# Type the following function at Bash 
#
#  By convention, the function name starts with an underscore _
_test_sh(){
  # Pointer to current completion word. By convention, it's named "cur" but this isn't strictly necessary.
  local cur
  # Array variable storing the possible completions.
  COMPREPLY=()   
  cur=${COMP_WORDS[COMP_CWORD]}
  # Use the compgen here to specific the ./test.sh CLI option
  case "$cur" in
    -*) COMPREPLY=( $( compgen -W '-d -h -i -r -H' -- $cur ) );; #   Generate the completion matches and load them into $COMPREPLY array.
  esac
 
  return 0
}

Use the -F option to call _test_sh() that specify how arguments are to be completed for the ./test.sh:
$ complete -F _test_sh ./test.sh
Test it by typing the ./test.sh and then pressing the [Tab] key to auto-complete the command sequence. For instance:
$ ./test.sh -[TAB]

Getting help about the compgen and complete command

Both of these commands have other important options. Hence, Use the man command/info command or help command as follows:
$ man bash
$ help complete
$ help compgen

compgen command in Linux and Unix

compgen command help options (click to enlarge)

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I'm Vivek Gite, and I write about Linux, macOS, Unix, IT, programming, infosec, and open source. Subscribe to my RSS feed or email newsletter for updates.

11 comments… add one
  • Curtis Jul 19, 2012 @ 12:31

    Here’s a pointless script! If you have `whatis` enabled, you can run this script to tell you what each command is (when that info is available, of course):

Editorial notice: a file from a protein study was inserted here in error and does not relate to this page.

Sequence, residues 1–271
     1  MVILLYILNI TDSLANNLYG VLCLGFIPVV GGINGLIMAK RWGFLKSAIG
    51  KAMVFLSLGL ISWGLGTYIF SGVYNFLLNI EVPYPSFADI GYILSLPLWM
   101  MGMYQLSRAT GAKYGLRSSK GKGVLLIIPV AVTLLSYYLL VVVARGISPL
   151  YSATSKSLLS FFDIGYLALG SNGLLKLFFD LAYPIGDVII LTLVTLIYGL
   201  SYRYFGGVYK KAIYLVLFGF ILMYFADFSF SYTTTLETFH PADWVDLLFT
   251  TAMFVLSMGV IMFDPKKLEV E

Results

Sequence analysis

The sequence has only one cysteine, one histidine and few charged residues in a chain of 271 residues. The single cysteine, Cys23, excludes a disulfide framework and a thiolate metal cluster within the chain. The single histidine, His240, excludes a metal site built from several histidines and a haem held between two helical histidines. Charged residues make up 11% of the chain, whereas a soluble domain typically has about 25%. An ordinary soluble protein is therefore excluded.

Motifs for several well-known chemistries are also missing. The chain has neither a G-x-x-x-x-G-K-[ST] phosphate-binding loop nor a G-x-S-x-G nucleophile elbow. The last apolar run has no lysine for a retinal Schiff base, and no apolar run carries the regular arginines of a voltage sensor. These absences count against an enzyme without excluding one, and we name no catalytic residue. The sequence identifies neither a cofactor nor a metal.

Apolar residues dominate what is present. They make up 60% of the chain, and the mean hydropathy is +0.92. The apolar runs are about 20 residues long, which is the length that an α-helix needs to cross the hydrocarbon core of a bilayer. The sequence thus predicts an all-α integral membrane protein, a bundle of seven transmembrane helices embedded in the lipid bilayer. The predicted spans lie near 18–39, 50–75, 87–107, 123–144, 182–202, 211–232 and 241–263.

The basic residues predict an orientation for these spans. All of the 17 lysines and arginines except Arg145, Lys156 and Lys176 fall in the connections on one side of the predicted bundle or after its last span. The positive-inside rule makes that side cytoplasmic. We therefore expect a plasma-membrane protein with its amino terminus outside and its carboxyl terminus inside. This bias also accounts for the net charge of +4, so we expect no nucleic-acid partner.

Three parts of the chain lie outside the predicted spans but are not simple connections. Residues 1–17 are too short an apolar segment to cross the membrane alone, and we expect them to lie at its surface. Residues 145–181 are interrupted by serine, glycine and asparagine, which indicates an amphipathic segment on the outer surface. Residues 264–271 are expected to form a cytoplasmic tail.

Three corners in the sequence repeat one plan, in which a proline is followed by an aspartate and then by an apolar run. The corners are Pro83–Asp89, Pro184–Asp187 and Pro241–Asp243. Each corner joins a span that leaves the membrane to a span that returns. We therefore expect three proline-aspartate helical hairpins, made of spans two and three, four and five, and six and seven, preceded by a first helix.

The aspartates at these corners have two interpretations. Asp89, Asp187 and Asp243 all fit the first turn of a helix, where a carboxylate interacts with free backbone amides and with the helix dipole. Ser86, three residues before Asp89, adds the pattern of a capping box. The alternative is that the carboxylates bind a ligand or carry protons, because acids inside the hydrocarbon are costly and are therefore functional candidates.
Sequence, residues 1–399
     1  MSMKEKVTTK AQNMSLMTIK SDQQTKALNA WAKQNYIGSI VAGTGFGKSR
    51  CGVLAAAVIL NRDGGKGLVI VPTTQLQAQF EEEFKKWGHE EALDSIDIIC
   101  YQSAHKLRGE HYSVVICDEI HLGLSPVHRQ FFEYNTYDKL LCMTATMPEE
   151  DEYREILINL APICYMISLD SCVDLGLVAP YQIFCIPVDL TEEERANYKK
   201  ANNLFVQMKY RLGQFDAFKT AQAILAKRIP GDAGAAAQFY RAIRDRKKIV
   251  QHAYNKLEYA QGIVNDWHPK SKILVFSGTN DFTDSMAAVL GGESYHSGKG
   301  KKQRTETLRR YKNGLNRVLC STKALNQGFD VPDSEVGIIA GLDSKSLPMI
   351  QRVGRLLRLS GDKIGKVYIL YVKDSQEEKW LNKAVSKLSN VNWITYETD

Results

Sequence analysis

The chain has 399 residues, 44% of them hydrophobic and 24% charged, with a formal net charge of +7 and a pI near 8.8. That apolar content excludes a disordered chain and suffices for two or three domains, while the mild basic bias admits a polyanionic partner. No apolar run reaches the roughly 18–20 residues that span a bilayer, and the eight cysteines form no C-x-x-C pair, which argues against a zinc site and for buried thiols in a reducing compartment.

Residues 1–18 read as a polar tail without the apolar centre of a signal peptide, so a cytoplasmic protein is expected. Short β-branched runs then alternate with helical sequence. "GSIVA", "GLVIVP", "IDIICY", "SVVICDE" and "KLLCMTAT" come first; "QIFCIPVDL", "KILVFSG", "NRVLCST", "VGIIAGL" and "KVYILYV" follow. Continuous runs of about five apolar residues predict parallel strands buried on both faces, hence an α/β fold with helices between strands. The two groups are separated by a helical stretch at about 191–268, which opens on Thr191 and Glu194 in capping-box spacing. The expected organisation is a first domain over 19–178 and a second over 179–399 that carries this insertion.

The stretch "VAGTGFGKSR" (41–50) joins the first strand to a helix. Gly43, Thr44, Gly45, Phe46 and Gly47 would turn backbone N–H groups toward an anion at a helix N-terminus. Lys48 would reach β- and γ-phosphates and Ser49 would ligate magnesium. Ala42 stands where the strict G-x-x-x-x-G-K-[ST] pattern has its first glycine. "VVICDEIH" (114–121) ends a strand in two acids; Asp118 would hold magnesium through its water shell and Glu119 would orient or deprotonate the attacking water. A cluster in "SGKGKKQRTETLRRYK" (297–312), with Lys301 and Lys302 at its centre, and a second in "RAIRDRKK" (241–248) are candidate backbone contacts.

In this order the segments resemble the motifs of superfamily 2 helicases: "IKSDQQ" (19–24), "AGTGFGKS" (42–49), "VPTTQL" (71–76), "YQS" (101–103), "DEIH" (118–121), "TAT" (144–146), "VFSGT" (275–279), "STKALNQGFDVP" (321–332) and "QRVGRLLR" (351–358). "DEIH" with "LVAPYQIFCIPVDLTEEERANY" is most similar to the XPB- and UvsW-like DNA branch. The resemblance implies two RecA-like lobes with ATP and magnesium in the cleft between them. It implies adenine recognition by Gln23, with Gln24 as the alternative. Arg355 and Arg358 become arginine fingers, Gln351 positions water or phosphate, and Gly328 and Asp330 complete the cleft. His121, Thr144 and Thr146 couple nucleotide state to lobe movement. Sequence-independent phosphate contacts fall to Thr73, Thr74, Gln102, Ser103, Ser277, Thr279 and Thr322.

#!/bin/bash
    
    commands=`compgen -c`
    let count=1
    
    for i in ${commands[@]}
    do
    
            what=`whatis $i`
    
            echo -e "n33[38;5;148m$count. $i: 33[39m"
            echo -e "$what"
    
            ((count++))
    
    
    done
    

    Last edited by Admin: pre tags added.

    • brbsix Feb 21, 2015 @ 13:11

      Curtis, FYI when you used commands=`compgen -c`, it loaded commands with a string (albeit a very long one). So in this instance, you could have used:

      for i in $commands
      

      The ${commands[@]} format is generally reserved for use with arrays. It worked in this instance but is not a good habit. If the output contained spaces the aforementioned would fail. You’d probably want to do this:

      Load output of compgen into an array named commands (the -t options strips trailing newline)

      readarray -t commands < <(compgen -c)
      

      Note the quotes to prevent word splitting. The for loop will then run through ${commands[0]}, ${commands[1]}, ${commands[2]}, etc…

      for i in "${commands[@]}"
      

      In my endless quest for Bash excellence, here is your script cleaned up a bit. It will ignore commands without any whatis output. For commands with multiple whatis entries, it will only display the first. Using $((++count)) allows for increment and output at the same time.

      while IFS= read command; do
          what=$(whatis $command 2>/dev/null | head -n1 | awk -F'- ' '{print $2}')
          [[ -n $what ]] && echo "[$((++count))] $command - $what"
      done < <(compgen -c | sort)
      
  • Rajkumar.M Jul 19, 2012 @ 12:31

    Excellent!!!…..

  • LinuxRawkstar Jul 19, 2012 @ 16:19

    GR8! Hidden gem. Lovin’ it.

  • Rajsekhar G Jul 19, 2012 @ 17:16

    Awesome bozz…… Thnx. :)

  • samspade Jul 20, 2012 @ 0:19

    LOL !

    whatis man
    man whatis

  • Ashok Jul 20, 2012 @ 7:21

    try “man man” :)

  • tintam Jul 22, 2012 @ 14:07

    Or if you’re in a gnu bash shell, pressing tab twice will list all available commands

  • Patrick Jul 25, 2012 @ 12:49

    Awesome!! never heard before! Thanks for the Tip

  • Ramon Nov 18, 2012 @ 4:19

    Thanks for sharing!! This will come in handy for sure.

  • Anonymous Jul 10, 2023 @ 8:31

    This is awesome, I leanred something new today. I love bash :)